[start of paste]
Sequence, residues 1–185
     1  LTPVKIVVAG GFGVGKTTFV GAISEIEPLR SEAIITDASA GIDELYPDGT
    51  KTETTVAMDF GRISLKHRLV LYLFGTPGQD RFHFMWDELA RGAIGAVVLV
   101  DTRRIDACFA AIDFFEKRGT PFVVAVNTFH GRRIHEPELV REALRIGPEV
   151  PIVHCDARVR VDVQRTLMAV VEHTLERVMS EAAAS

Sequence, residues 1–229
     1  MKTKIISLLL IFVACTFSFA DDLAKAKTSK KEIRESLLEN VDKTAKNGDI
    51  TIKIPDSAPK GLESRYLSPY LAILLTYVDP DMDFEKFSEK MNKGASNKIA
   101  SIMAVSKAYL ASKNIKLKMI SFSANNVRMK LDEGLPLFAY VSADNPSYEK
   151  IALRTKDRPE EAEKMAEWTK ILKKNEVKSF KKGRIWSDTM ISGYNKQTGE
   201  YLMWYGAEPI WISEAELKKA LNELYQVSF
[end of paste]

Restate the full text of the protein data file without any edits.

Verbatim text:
Sequence, residues 1–185
     1  LTPVKIVVAG GFGVGKTTFV GAISEIEPLR SEAIITDASA GIDELYPDGT
    51  KTETTVAMDF GRISLKHRLV LYLFGTPGQD RFHFMWDELA RGAIGAVVLV
   101  DTRRIDACFA AIDFFEKRGT PFVVAVNTFH GRRIHEPELV REALRIGPEV
   151  PIVHCDARVR VDVQRTLMAV VEHTLERVMS EAAAS

Sequence, residues 1–229
     1  MKTKIISLLL IFVACTFSFA DDLAKAKTSK KEIRESLLEN VDKTAKNGDI
    51  TIKIPDSAPK GLESRYLSPY LAILLTYVDP DMDFEKFSEK MNKGASNKIA
   101  SIMAVSKAYL ASKNIKLKMI SFSANNVRMK LDEGLPLFAY VSADNPSYEK
   151  IALRTKDRPE EAEKMAEWTK ILKKNEVKSF KKGRIWSDTM ISGYNKQTGE
   201  YLMWYGAEPI WISEAELKKA LNELYQVSF